I have written before about real estate investors who find themselves overwhelmed by the range and scale of all the real estate investing courses and product options out there, focusing on the twin obstacles of the shiny button syndrome and analysis paralysis. This time, rather than a brief blog comparison of the two, I have written separate articles on each. Both are variations of the same theme and playbook and all too often result in acts of self-sabotage, keeping investors from taking meaningful action in their quest for real estate success. These two torment seasoned investors as well as newbies. This article is all about chasing shiny objects followed by another article on the fraternal sister to that syndrome, that being paralysis by analysis.
All too often, investors are taken, mesmerized even, with the latest shiny button that comes their way, one that offers a unique variation within a familiar real estate niche save the course or program from some creator guru that will bring you riches galore and so much more. The one thing you don’t have in your investor toolbox that will bring the cash flow directly your way, the next big flavor of the day you must have and have been missing all along. It is that newest twist, that uniquely styled niche variation, that is so compelling, so enticing, so alluring, that you must have it, at least until the next new shiny button comes along. The investor buys into it, to the momentary exclusion of the last shiny button he or she had invested in. The problem is that all these shiny buttons are a large deterrent to real estate success. The investor is collecting shiny buttons but not taking action.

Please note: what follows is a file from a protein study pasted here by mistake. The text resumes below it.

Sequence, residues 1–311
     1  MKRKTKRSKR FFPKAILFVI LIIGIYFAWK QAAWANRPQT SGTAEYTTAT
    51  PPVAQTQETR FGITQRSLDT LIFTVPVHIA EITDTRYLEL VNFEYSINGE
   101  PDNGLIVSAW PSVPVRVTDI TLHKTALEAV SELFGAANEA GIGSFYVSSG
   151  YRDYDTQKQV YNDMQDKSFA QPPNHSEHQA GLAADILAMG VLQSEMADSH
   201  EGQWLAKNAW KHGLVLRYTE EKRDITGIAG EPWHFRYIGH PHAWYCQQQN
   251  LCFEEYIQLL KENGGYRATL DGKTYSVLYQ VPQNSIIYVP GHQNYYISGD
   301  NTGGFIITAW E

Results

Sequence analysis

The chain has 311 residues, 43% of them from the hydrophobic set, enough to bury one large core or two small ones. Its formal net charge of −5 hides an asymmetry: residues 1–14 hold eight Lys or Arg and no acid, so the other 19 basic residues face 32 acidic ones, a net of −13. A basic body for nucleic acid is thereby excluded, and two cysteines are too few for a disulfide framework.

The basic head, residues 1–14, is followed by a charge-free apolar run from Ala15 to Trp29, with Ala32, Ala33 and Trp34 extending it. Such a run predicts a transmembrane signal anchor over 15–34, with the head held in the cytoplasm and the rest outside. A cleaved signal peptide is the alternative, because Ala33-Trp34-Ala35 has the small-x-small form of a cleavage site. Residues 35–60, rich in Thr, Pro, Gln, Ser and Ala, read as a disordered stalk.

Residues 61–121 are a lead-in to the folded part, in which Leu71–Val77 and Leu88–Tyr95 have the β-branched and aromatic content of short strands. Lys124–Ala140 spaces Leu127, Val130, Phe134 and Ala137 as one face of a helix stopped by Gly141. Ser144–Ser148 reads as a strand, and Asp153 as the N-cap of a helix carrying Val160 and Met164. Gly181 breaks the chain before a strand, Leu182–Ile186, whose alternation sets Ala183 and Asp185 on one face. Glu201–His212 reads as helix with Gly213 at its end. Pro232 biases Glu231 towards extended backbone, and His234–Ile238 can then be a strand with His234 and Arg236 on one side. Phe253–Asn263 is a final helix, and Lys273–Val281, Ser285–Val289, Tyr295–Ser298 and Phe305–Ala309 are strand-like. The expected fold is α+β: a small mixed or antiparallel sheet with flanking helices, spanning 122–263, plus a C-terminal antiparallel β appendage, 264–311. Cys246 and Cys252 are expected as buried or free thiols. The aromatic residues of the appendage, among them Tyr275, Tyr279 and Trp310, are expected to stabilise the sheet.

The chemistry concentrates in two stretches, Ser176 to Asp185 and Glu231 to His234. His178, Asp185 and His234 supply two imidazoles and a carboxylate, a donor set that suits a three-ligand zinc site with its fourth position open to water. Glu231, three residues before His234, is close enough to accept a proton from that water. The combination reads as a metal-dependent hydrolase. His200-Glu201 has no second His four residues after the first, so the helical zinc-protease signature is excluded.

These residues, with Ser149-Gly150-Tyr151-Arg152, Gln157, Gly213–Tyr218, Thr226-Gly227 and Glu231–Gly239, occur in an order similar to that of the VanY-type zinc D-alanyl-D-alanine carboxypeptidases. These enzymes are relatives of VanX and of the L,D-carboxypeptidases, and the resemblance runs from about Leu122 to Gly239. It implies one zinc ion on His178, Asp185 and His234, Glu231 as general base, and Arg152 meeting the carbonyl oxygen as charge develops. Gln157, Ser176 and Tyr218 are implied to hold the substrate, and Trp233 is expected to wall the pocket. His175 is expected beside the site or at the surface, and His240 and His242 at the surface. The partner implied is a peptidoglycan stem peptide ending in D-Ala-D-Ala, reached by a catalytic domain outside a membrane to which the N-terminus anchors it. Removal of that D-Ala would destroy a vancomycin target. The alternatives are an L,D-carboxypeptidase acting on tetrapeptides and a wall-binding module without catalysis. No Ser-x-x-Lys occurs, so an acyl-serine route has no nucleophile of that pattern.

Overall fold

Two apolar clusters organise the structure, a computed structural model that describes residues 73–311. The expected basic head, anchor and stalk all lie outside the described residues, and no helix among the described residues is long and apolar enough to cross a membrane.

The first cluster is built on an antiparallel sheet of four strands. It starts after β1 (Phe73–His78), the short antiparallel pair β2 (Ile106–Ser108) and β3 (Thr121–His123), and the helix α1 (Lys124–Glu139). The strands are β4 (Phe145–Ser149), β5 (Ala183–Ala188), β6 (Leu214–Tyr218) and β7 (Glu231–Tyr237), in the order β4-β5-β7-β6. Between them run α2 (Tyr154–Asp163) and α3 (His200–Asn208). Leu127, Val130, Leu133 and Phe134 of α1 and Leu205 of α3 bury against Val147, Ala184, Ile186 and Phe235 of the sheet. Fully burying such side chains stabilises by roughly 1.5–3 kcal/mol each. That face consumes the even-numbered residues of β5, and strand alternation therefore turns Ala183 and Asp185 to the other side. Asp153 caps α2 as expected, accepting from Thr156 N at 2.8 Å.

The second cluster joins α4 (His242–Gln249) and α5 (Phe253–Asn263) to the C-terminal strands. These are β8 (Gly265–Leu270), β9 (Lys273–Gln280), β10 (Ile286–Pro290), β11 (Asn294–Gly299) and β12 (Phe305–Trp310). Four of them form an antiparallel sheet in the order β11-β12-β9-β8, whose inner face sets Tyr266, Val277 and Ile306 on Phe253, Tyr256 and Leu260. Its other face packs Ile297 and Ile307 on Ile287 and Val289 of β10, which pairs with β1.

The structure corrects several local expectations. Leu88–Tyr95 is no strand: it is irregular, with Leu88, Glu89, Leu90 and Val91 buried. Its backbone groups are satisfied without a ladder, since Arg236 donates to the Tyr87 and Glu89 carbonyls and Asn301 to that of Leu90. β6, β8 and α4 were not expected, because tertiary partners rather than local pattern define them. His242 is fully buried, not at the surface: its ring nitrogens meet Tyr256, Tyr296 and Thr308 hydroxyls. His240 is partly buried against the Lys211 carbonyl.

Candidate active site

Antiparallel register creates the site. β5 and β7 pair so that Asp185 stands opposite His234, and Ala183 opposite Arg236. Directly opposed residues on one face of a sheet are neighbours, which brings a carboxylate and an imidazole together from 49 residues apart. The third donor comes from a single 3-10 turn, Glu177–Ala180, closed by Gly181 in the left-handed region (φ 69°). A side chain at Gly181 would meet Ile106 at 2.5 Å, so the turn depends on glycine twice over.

Investors are an enterprising, very creative bunch with a spirit and verve that fuels their drive and imagination and render them susceptible to shiny buttons. This action of chasing the latest fad of the moment, perhaps spreading himself or herself too thin in the process or never staying with one chosen strategy long enough to have measurable success will surely derail an otherwise successful business.
Successful investors consciously take steps to avoid shiny objects syndrome. Step one is to recognize that it is so easy to become so enamored by a new shiny object that he or she may forget the simple premise that business goals set must be met. Those shiny buttons are only relevant and of value if they further those business goals rather than deviate from them. To be a master of all is to be a master of none. The successful investor drills down to target a narrow niche, focuses on finishing what needs to be finished and on what needs to be done, then does it. The investor puts the necessary time, effort, and resources into it, never spreading himself or herself too thin. That investor takes action to building a credible and lasting brand by becoming a known and valued expert within that targeted niche.
It is a matter of focus, sustained energy, and a disciplined commitment for an investor to avoid shiny object syndrome. Failure to do this every time likely leads to under performance and serial disappointment.